Former Republican Representative of Minnesota Michele Bachmann took to social media and her Facebook wall to compare Barack Obama to Andreas Lubitz, the suicidal co-pilot of the crashed Germanwings flight 9525 that resulted in the needless deaths of 150 people.
Bachmann actually made a run for president in 2012.
Does the GOP tolerate this kind of speech from its members? Is Bachmann good for the GOP? Does this kind of speech make the GOP look dumb?
During the last in a two-week marathon of appearances by Federal Communications Commission (FCC) Chairman Tom Wheeler before lawmakers to defend his agency’s net neutrality rules, Louie Gohmert got a chance to voice his opinion.
“Gohmert (R-Tex.), an outspoken critic of the agency’s rules that prevent Internet providers from blocking Web sites or speeding some of them up over others, exploded during a House Judiciary Committee hearing Wednesday,” stated The Washington Post.
“His voice rising to a shout, Gohmert threw a stream of accusations at Wheeler, complaining that the FCC had cut off Internet providers’ ability to find new ways of making money,” states The Post.
“Before the FCC came in, everybody could explore new business models,” Gohmert said. “You’re playing God with the Internet … That’s not your job.”
Rep. Don Young of Alaska suggested this week that wolves might be a way to solve homelessness, according to U.S. News and World Report.
Young, a Republican, was speaking during a House Natural Resources Committee hearing on Thursday and objecting to members of Congress asking for the gray wolf to be a protected species, according to The Washington Post.
“…(W)e get 79 congressmen sending you a letter, they haven’t got a damn wolf in their whole district,” he said, supposedly aiming his comments at Interior Secretary Sally Jewell.
“I’d like to introduce them in your district,” Young stated. “I’d introduce them to your district and you wouldn’t have a homeless problem anymore.”
Young also once said to a political opponent during a political campaign, “The last guy who touched me ended up on the ground dead.’” The website CQ Roll Call asked him about it, to which he responded, “There’s some truth to that.”
There was another incident where Congressman Young grabbed the hand of a congressional staffer at the Capitol who was in charge of watching the entrance. It wasn’t protocol for anyone to be let in the entrance. After squeezing his hand for several moments, Young let go and walked through the entrance.
“Jeffrey Lane ‘Jeff’ Fortenberry, (born December 27, 1960) is the U.S. Representative for Nebraska’s 1st congressional district, serving since 2005. He is a member of the Republican Party. The district is based in Lincoln and includes most of the eastern third of the state outside the immediate Omaha area,” according to Wikipedia.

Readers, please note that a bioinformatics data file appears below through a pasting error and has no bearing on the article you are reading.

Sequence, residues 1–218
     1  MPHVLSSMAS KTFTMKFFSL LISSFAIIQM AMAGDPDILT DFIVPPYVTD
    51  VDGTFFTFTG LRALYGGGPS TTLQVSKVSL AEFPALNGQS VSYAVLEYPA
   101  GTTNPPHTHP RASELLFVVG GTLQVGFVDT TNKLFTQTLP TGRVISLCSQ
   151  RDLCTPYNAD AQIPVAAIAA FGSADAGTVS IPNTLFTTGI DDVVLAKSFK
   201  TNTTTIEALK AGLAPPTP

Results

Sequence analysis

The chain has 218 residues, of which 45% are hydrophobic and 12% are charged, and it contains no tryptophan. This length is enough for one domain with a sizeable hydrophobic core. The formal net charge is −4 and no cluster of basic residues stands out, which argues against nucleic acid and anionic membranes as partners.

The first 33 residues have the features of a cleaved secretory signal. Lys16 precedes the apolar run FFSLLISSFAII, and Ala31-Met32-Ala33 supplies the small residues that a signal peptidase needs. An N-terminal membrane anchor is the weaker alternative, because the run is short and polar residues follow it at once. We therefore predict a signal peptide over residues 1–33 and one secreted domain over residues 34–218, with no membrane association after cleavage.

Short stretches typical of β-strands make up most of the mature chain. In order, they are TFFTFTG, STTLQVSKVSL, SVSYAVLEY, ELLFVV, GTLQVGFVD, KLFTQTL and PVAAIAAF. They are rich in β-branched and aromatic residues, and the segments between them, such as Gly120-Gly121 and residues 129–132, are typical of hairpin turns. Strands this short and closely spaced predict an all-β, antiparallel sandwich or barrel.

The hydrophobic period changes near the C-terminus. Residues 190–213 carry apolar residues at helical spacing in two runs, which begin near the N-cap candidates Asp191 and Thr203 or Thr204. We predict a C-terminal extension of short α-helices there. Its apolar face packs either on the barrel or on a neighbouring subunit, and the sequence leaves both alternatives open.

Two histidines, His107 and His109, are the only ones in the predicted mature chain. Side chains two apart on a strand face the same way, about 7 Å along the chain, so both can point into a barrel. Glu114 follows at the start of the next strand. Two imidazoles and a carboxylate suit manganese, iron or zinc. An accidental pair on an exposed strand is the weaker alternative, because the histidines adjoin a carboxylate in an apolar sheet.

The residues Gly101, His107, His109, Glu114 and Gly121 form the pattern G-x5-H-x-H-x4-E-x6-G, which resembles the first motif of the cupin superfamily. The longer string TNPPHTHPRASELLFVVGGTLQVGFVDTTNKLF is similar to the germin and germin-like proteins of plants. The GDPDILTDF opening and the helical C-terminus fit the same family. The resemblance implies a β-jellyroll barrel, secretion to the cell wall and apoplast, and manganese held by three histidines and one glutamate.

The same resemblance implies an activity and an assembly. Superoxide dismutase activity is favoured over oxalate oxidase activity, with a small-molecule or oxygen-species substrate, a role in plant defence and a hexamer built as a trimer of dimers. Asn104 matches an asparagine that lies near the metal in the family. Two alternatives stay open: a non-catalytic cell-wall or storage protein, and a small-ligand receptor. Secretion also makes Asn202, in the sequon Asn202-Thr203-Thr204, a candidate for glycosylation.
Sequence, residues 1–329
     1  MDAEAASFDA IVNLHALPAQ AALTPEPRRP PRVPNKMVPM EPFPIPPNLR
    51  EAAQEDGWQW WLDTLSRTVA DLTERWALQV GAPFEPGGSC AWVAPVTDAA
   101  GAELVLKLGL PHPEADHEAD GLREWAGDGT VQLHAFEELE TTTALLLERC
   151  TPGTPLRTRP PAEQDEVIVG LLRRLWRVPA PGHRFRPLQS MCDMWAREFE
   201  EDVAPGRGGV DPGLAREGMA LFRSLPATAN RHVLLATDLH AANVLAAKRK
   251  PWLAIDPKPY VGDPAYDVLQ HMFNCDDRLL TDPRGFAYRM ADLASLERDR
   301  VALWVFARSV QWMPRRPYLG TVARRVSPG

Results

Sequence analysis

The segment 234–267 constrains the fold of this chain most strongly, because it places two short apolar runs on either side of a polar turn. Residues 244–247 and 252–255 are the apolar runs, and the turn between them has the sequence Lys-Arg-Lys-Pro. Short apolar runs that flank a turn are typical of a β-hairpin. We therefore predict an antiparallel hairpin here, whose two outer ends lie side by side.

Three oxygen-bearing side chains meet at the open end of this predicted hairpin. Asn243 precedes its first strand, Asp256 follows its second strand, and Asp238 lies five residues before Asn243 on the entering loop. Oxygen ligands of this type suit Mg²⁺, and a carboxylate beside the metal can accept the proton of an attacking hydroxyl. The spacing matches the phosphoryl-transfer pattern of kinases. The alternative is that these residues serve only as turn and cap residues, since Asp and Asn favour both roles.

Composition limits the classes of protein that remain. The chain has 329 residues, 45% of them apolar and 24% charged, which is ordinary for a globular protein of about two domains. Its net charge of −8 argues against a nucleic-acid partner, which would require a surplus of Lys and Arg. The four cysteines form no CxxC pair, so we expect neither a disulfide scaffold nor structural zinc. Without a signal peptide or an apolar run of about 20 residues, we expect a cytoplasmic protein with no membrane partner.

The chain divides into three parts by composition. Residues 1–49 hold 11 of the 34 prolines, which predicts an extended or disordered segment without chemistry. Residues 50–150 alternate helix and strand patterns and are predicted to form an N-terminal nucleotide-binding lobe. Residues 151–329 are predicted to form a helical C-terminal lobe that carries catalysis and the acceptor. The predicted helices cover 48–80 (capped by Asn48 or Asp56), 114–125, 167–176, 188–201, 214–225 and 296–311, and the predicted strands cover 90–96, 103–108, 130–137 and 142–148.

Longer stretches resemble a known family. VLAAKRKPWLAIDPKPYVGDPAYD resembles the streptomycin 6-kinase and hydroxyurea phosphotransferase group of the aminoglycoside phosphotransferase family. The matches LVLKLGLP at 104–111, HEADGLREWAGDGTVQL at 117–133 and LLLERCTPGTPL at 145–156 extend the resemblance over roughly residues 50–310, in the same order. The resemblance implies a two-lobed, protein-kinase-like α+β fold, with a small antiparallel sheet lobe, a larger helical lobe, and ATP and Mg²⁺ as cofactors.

Aides to Rep. Fortenberry were hit Wednesday by a “glitter bomb” sent to his Lincoln office, according to Omaha.com.
Sources claimed the congressman avoided being showered with the unwanted sparkling decorations, because he was a thousand miles away at the time on Capitol Hill.
A glitter bomb is a prank device designed to throw out a cloud of tiny sparkles, which get into clothes, computer keyboards and everywhere else.
The prank appeared to be motivated by Fortenberry’s anti-abortion positions, said spokeswoman Jennifer Allen.
She said a note included with the glitter read: “Congrats, you’ve earned this for trying to deny women their right to choice…”
Rep. Charles Rangel, D-N.Y., explains to MSNBC why he decided to attend PM Benjamin Netanyahu’s speech after initially indicating he would not.
Mr. Rangel had previously slammed the protocol behind the invitation to the speech—a letter inviting Mr. Netanyahu supposedly included Democratic Minority Leader Nancy Pelosi’s name, even though she was not party to the invite, and the invite comes as Mr. Netanyahu faces re-election back home.
A Great Falls representative is proposing that candidates for the Montana Legislature be allowed to receive more money from political action committees.
Republican Rep. Steve Fitzpatrick introduced House Bill 502 in the House State Administration Committee Friday, according to the Great Falls Tribune. It would increase the amount that state Senate candidates can receive from PACs from $2,150 to $5,500, and the amount that House candidates can receive from $1,300 to $3,300.
Fitzpatrick said that politicians need more money to “reflect the increasing cost of running for office.”
“Campaigns are expensive, they cost a lot of money,” Fitzpatrick said. “Every time I have to return a PAC check, that just means it’s more pressure on me to go fundraise and ask people for more money.”
Mary Baker, the program supervisor for the commissioner of political practices, said a built-in inflation factor already adjusts the cap every year.
Chris Hayes talks to Texas State Representative “Poncho” Nevarez, who now has a security detail after gun activists confronted him in his office regarding a bill that would allow Texans to openly carry handguns.